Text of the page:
LIVINGSTON, NJ — Despite needing to postpone its annual tree-planting ceremony in recognition of Arbor Day for safety purposes during the health crisis, the Livingston Township Council still took the opportunity during Monday’s virtual meeting to proclaim April 24 as Arbor Day in Livingston.

In addition to planting a new “Weeping Cherry Tree” near the gazebo on the Memorial Oval each year, many residents have also asked to plant a tree as a gift to the township or in someone’s honor as part of Arbor Day, which is a national holiday celebrated each year on the last Friday in April.

“We urge everybody to support the efforts to protect our trees and woodlands,” said Mayor Rudy Fernandez. “While we unfortunately won’t be gathering to plant a tree on Arbor Day this year as we continue to adhere to social distancing guidelines, Livingston’s commitment to planting trees remains strong.”

Sign Up for Livingston Newsletter
Our newsletter delivers the local news that you can trust.

Since 1872, when pioneer J. Sterling Morton first dedicated the holiday to tree planting, Arbor Day has continued to reshape the landscape of America. The Arbor Day Foundation distributes and plants an estimated 15 million trees each year and provides citizens with a valuable resource.

The Township of Livingston, which has had a long-standing dedication to expanding and enhancing its greenery, engages in considerable tree recycling efforts and provides extensive land use planning coordination.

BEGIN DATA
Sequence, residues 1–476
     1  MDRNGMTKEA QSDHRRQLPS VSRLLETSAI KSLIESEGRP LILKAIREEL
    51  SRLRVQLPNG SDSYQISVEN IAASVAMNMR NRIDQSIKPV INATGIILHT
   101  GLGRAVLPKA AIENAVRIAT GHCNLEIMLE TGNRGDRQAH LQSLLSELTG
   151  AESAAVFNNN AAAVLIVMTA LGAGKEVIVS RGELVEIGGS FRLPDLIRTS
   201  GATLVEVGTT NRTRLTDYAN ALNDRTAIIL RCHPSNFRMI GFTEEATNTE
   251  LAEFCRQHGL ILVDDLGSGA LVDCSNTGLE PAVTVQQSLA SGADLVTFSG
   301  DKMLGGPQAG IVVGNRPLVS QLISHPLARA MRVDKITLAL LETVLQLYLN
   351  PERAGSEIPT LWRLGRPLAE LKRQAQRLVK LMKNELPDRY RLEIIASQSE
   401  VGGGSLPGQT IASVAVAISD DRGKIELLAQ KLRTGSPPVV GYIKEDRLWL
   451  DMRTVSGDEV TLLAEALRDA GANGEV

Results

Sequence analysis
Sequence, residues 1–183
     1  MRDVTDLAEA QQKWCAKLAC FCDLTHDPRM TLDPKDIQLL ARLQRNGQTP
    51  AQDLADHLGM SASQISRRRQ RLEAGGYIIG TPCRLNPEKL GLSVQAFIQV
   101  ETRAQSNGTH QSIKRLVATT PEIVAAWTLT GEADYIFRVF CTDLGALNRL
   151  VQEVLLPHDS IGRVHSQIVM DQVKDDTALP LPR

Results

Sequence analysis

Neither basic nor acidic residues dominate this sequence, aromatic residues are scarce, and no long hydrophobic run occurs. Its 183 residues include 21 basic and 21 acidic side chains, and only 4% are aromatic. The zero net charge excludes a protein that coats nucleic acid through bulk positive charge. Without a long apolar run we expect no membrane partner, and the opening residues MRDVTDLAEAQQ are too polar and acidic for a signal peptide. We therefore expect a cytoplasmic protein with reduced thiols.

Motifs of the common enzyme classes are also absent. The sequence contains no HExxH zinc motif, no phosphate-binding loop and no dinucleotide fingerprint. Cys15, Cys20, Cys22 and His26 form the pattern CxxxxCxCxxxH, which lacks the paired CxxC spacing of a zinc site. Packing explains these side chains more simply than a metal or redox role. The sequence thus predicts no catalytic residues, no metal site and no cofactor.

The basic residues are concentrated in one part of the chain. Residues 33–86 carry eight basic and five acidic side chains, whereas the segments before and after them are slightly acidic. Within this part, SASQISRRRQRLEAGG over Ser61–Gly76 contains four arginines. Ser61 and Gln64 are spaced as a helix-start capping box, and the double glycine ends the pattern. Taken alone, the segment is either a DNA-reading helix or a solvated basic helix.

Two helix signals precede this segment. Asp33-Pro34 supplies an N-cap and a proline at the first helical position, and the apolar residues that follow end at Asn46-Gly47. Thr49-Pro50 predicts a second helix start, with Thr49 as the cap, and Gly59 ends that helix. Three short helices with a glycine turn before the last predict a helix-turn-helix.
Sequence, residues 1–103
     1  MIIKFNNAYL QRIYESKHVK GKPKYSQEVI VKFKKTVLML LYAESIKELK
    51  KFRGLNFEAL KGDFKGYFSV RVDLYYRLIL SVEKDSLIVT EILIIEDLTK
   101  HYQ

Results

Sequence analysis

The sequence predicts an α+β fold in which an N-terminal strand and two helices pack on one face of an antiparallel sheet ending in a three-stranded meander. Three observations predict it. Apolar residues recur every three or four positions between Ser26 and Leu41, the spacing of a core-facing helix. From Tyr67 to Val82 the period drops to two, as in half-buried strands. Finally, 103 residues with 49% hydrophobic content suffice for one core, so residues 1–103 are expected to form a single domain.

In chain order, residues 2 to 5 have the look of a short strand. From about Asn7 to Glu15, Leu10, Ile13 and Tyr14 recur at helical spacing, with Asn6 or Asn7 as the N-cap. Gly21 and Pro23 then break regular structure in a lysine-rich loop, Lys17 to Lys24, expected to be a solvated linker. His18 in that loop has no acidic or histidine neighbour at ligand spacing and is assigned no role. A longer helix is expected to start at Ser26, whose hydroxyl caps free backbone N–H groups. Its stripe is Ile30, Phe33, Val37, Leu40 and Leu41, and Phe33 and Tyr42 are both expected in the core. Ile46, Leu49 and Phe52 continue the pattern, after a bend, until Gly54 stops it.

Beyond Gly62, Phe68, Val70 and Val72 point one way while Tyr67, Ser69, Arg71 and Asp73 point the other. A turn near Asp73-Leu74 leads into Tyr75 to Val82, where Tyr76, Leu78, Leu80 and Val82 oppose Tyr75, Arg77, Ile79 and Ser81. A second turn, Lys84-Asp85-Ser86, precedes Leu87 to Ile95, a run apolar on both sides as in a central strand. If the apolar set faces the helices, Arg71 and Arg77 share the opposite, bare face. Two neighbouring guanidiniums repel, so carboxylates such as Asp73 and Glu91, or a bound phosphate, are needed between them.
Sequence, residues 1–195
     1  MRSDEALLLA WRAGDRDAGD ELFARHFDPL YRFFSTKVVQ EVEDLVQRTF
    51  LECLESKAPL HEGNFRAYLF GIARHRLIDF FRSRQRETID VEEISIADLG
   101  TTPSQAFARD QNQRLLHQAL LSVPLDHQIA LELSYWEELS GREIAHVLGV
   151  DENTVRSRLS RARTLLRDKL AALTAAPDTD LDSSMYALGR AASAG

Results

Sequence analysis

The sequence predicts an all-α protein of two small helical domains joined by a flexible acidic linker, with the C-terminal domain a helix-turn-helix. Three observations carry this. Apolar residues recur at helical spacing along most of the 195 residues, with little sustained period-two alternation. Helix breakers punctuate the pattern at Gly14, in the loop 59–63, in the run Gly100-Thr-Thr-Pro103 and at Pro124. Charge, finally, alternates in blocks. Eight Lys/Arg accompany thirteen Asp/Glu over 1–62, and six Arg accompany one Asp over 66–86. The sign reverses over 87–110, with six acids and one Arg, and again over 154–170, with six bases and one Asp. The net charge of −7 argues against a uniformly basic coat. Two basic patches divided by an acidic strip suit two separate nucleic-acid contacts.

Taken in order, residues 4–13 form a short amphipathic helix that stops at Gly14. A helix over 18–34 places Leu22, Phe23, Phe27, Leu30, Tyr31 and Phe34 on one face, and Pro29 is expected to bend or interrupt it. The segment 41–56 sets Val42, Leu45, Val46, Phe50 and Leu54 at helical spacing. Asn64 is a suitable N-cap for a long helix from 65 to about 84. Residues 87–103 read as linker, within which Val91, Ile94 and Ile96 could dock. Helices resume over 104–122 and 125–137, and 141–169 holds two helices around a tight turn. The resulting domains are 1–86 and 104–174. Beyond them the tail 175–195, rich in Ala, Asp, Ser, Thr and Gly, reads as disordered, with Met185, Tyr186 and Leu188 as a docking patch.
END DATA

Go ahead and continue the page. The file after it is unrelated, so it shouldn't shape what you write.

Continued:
In addition to “beautifying [Livingston’s] public spaces and business areas,” the mayor noted that trees have “more value than [people] might usually stop to consider.”

“They help to improve air quality by filtering out dust and particles, conserve water and give us a renewable source of fuel and food, prevent erosion of topsoil and provide shelter for our local wildlife,” said Fernandez.

According to Department of Public Works Superintendent Mike Anello, planting the new cherry trees near the gazebo is “the perfect spot” because it is situation behind the Force home as well as near several memorials at the Oval. The trees also “add color to the area and create a nice environment for [Livingston] residents to enjoy,” he said.

In addition to the annual tree-planting ceremony, residents also regularly ask to plant a tree as a gift to the township or in someone’s honor around Arbor Day each year.

CLICK HERE to learn more about the township’s eco-friendly initiatives, or visit for more information about Arbor Day Foundation programs and its mission to inspire people to plant, nurture and celebrate trees.